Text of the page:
New Cuba policy may cut into wheat, corn exports

19.06.2017

A new Cuba trade policy announced June 16 by U.S. President Donald Trump will make it more difficult for U.S. growers to sell corn, wheat and other grains to the island country, but executives of the U.S. Grains Council, the U.S. Wheat Associates and the National Association of Wheat Growers are hopeful the market eventually will become more open.

The new policy includes measures designed to restrict the flow of money to elements of the Cuban regime — the military, intelligence and security services. The policy is designed to prohibit direct financial transactions with businesses owned by those elements. President Trump’s policy comes after President Barack Obama reached out to Cuba to restore diplomatic ties.

“This is a political process, and that means there are going to be steps forward and back,” said Alan Tracy, president of USW. “Our organizations support measures that move toward ending the embargo. Cuba is a significant wheat-importing nation, and our farmers can supply high-quality wheat at a lower cost than Cuba pays now to import European and Canadian wheat. Wheat is an important food grain that should be above politics, but the embargo will likely have to end before wheat farmers can help meet the increasing demand for agricultural products to help feed the Cuban people.”

David Schemm, a wheat farmer from Sharon Springs, Kansas, U.S., and president of the NAWG, added, “NAWG supports the effort to end the embargo on Cuba because it is what is best for our farmers, and farmers like me know that agricultural trade is a proven way to foster stronger and more productive ties with folks who live outside the United States.”

Cuba purchased more than 250,000 tonnes (9.8 million bushels) of corn from the United States, about 30% of Cuba’s total demand, in the first eight months of the marketing year, said Tom Sleight, president of the USGC.

“The USGC has worked in Cuba for nearly two decades to help capture grain demand and develop its livestock industry within the confines of U.S. policy,” Sleight said. “While the announcement today will make our efforts in Cuba more difficult — and almost certainly cost U.S. corn farmers sales in the short term — we have every intention of continuing our work there to build long-term, mutually beneficial trade.”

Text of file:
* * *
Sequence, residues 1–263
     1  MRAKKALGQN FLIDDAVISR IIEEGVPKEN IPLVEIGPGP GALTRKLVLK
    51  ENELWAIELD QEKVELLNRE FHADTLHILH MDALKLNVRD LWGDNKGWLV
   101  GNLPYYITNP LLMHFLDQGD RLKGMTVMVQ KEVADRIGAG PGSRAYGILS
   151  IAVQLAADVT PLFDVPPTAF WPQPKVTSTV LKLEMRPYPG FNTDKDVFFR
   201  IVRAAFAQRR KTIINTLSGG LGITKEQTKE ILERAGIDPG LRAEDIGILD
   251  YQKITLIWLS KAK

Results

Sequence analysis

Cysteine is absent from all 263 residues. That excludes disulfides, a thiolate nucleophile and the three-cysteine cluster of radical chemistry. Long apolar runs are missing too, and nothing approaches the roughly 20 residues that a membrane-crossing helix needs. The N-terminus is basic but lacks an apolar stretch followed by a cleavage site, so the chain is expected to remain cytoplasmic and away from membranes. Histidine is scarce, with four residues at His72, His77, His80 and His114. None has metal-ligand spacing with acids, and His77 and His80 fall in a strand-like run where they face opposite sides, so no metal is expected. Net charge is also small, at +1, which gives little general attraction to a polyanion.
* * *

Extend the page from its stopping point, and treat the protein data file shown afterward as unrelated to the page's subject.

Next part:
Cuba historically has been a 900,000-tonne (35.4 million-bushel) corn market, he said. Based on recent export sales, Cuba would be the 11th largest customer for the United States if U.S. corn growers could capture that demand. Free flow of grain to Cuba also could help U.S. growers capture sales to the Dominican Republic and Puerto Rico.

“In the past two years, our work in Cuba and with Cuban grain buyers has shown us that the only hindrance to progress there is U.S. policy,” Sleight said. “While we are concerned about the announcement today, we are steadfast in our support of the market and our Cuban customers.”

Wesley Spurlock, president of the National Corn Growers Association (NCGA), said he is concerned about the competition getting an upper hand with the new trade policy.

“Cuba should be an easy market for U.S. corn farmers,” Spurlock said. “Instead, that market has gone to our competitors — costing us an estimated $125 million in lost opportunity each year. If trade with Cuba were normalized, it would represent our 11th largest market for corn. Instead, we have just 11% market share in a country only 90 miles from our border. At a time when the farm economy is struggling, we ask our leaders in Washington not to close doors on market opportunities for American agriculture.”


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